Jon Favreau takes a swing at Rocky Marciano
- TV Show
For six months, ”Swingers” star Jon Favreau swore off pasta and worked out three hours a day to prepare to play Rocky Marciano in director Charles Winkler’s biopic about the legendary boxer (Showtime; Sat., 8 p.m.). An Italian New Yorker familiar with Marciano’s legacy, the 6’1”, 200 lb. Favreau knew he had to get ripped to live up to the undefeated heavyweight champ’s athletic physique, not to mention the previous onscreen portrayals of pulchritudinous pugilists by acting giants Robert De Niro and Sylvester Stallone. ”The minute you start a movie about boxing, you know there’s going to be comparisons to ‘Raging Bull’ and ‘Rocky,’ and I didn’t want the comparisons to suffer for my lack of trying,” Favreau, 32, tells EW Online.
Luckily for Favreau, Winkler hired the Yoda of fight choreographers, Jimmy Nickerson, who had gotten De Niro and Stallone into ringside shape. ”The minute I would start slowing down,” says Favreau, “Jimmy would remind me of how seriously De Niro and Stallone took this, and that was it, I was ready to go.” After watching all of Marciano’s taped fights, Favreau spent two months at a renowned boxing gym in Van Nuys, Calif., learning how to jab and crouch like the Brockton Blockbuster. He was preparing for the six-week shoot in Toronto, where all the boxing scenes were filmed the first, painstaking seven days.
When that week of 13-hour days was finished, Favreau rejoined the world of spaghetti and sweets: ”The day I could eat again, the director brought me this huge cake, but I took a few bites and that was it, game over. My stomach was not happy,” he says. But by the end of the shoot, Favreau and costars Penelope Ann Miller and Tony Lo Bianco — who played Marciano in a 1979 TV movie — were regulars at a nearby Italian restaurant. ”We were like the Algonquin Roundtable,” says Favreau.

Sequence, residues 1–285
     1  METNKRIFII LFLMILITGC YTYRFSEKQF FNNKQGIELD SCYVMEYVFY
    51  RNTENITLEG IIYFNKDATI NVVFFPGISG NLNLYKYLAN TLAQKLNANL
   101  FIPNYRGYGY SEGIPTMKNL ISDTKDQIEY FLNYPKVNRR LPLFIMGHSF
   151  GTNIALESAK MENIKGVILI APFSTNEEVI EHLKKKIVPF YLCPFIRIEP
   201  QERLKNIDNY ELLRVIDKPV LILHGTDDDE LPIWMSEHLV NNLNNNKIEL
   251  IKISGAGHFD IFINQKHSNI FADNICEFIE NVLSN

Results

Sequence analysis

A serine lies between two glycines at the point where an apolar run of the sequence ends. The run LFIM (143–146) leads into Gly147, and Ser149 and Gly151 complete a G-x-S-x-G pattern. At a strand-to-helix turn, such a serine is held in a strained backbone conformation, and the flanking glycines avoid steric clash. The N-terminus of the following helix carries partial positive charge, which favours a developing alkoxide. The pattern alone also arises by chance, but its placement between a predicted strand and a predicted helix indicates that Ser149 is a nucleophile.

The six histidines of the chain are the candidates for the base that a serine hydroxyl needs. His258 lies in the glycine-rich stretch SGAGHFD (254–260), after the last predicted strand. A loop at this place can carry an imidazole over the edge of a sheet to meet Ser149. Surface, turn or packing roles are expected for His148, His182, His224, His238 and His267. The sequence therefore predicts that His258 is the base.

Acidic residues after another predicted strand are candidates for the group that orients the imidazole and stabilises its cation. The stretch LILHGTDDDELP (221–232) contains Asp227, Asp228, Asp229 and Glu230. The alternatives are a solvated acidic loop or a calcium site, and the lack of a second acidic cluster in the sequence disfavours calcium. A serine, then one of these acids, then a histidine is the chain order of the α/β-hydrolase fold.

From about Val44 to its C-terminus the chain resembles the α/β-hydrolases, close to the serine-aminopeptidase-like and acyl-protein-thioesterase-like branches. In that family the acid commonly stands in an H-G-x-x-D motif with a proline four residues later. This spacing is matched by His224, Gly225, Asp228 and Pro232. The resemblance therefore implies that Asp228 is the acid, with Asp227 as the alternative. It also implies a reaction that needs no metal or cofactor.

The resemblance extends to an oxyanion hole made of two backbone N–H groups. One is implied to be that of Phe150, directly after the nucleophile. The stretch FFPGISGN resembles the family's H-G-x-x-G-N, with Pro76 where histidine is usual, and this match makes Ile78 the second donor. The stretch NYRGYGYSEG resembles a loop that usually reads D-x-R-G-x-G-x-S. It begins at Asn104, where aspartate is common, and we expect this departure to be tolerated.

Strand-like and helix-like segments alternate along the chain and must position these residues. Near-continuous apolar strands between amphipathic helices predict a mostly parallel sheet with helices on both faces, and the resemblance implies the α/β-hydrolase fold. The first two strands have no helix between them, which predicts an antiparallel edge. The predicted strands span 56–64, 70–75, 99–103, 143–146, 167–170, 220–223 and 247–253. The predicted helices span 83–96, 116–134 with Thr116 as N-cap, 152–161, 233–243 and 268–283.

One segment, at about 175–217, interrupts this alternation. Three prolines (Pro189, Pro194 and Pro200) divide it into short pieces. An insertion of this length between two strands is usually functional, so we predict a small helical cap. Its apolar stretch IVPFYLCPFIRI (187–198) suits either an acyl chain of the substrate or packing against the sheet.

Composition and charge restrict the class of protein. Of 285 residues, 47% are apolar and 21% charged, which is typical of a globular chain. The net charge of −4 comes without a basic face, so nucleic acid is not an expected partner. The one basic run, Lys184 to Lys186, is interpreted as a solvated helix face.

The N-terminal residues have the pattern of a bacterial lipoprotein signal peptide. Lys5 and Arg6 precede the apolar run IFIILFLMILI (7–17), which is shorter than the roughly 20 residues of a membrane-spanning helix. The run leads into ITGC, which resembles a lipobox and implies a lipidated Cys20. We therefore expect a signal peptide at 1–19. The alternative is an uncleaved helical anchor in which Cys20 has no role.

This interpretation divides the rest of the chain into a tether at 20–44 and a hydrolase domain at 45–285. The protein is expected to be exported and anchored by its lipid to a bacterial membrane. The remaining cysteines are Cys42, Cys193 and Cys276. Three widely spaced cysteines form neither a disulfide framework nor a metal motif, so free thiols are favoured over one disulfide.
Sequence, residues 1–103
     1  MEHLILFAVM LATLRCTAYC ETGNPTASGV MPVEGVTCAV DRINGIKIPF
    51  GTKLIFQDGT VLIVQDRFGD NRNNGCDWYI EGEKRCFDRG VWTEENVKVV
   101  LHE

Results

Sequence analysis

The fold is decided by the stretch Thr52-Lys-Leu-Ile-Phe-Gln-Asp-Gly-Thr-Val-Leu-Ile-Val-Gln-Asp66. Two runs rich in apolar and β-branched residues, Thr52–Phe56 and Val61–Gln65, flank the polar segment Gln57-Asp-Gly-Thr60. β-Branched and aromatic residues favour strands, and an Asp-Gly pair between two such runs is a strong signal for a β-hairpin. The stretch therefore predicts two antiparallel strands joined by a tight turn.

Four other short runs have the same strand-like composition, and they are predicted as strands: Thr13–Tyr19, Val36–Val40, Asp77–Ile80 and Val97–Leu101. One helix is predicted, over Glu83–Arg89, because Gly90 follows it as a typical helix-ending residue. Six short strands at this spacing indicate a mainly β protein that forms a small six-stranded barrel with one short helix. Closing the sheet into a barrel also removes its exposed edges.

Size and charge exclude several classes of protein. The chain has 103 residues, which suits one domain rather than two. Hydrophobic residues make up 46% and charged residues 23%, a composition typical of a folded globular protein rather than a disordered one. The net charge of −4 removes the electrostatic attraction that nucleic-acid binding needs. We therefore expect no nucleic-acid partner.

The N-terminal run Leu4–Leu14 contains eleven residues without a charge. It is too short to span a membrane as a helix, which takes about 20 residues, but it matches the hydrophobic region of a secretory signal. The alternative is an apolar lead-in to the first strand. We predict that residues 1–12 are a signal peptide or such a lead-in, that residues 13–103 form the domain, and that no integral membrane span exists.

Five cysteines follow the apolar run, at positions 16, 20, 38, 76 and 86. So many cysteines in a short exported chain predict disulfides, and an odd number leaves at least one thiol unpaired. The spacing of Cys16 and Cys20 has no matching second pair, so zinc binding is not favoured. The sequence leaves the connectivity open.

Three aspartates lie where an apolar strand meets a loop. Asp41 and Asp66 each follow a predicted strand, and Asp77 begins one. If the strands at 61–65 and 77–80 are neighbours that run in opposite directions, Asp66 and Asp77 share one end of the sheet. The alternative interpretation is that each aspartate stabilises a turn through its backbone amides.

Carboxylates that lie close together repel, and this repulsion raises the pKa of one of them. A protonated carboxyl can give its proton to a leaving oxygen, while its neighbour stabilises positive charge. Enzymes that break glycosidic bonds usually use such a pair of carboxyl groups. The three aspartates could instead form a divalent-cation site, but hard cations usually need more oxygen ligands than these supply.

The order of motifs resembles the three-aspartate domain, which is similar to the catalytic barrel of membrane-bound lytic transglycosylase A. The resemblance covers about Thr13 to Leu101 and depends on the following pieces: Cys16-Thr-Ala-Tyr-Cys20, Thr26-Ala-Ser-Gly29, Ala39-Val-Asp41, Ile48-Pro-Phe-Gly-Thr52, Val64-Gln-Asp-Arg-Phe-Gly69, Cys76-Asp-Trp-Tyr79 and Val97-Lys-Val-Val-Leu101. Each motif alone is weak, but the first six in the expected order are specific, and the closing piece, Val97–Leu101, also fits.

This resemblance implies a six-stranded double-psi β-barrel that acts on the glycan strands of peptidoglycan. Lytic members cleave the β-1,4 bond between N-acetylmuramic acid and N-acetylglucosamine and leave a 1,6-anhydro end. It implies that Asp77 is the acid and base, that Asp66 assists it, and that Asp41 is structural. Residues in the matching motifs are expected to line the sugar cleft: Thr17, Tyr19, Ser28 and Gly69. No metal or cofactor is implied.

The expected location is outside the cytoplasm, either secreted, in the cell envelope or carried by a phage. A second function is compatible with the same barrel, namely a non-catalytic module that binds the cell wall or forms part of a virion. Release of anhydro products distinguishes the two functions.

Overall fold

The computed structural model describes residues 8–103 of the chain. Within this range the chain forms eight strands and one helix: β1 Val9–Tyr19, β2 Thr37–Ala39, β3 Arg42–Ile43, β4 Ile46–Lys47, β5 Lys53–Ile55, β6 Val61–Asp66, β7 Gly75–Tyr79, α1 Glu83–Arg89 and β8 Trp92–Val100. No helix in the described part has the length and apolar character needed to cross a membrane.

His Method performance of Marciano was so thorough, Favreau even considered stepping into the ring off-camera. ”I thought I could hold my own in an amateur fight,” he admits. ”It’s a pitfall of actors who train to fight — they start to believe the fantasy that they can really do it.” Nickerson and Co., however, had conditioned the actor to look like Marciano, not become him. ”They said, ‘Not on your life,’ and I was like, ‘Not even against one of the small guys at the gym?’ And they just looked at me and said ‘Don’t even try. We don’t want to witness it.”’